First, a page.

Fall is supposed to be a good season for us because it represents new beginnings, but sometimes we just feel worse and horrible all the time.
We aren’t even sure why, especially because this kind of feeling only lasts a couple of seasons before fading. But it’s nothing to worry about. Not too much anyway. That’s just seasonal depression.
So, What’s Seasonal Depression?
To get into talking about seasonal depression, we first have to mention its real name. Seasonal Affective Disorder, or SAD. Yes, it’s a bit ironic, considering.
This disorder is a particular kind of depression that operates differently. It comes and goes with the seasons, though it usually begins in fall and early winter and recedes during the sunnier seasons.
Just because this type of depression is season-specific doesn’t mean you have different criteria in recognizing it. It pretty much falls into the same symptoms. Hopelessness, low energy, loss of interests, sleep problems, and changes in appetite, among others.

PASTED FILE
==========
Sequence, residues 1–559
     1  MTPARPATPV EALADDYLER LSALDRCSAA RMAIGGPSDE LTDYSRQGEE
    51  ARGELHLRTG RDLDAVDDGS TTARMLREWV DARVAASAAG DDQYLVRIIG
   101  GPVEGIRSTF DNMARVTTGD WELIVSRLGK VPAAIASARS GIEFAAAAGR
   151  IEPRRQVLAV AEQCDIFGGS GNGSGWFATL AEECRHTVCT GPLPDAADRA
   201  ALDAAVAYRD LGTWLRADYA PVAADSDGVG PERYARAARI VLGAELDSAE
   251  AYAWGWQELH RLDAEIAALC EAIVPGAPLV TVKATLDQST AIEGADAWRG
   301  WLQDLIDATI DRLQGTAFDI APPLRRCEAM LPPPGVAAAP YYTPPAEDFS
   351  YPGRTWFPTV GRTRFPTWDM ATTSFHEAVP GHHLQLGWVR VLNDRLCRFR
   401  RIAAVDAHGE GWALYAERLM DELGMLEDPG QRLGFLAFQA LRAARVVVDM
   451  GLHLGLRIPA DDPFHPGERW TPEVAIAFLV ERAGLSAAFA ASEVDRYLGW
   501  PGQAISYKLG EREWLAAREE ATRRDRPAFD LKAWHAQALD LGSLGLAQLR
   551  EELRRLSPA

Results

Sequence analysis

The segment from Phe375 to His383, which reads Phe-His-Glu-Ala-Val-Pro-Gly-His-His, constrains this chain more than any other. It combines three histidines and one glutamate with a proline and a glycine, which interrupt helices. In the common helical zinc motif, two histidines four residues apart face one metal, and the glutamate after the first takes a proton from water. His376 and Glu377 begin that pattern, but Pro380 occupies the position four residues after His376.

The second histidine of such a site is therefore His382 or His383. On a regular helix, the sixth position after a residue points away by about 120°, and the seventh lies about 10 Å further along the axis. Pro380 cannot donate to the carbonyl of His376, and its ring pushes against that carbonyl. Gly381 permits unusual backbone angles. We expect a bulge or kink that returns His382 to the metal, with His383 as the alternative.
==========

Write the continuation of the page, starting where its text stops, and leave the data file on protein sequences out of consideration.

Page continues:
To be diagnosed, you’ll need to meet the full criteria in specific seasons for at least 2 years. The symptoms don’t change depending on the season but professionals have warned that this seasonal disorder may affect some people during the summer.
Why Do We Feel Down?
While it has previously been a great mystery, as time goes on, more and more professionals think that this has to do with the sun setting earlier the deeper into winter we go. Many actually believe that the lack of sunlight stops a part of the brain called the hypothalamus from working properly.
This lack of sunlight doesn’t affect everyone the same way because some are usually more likely to get SAD than others.
The sunlight does affect our hormones, though, so when we get less of it, we get less serotonin and melatonin. The two hormones that affect mood, appetite, and sleep. This naturally throws your body off its rhythm, physically and mentally.
How Can You Deal With It?
Dealing with seasonal depression isn’t complicated at all. It’s just like any other kind of depression, as in it should be treated, no matter how much you might feel like it’s a passing cloud.
Among the things you can try are medication, light-focused therapy, psychotherapy, and, interestingly, vitamin D, whether alone or in combination.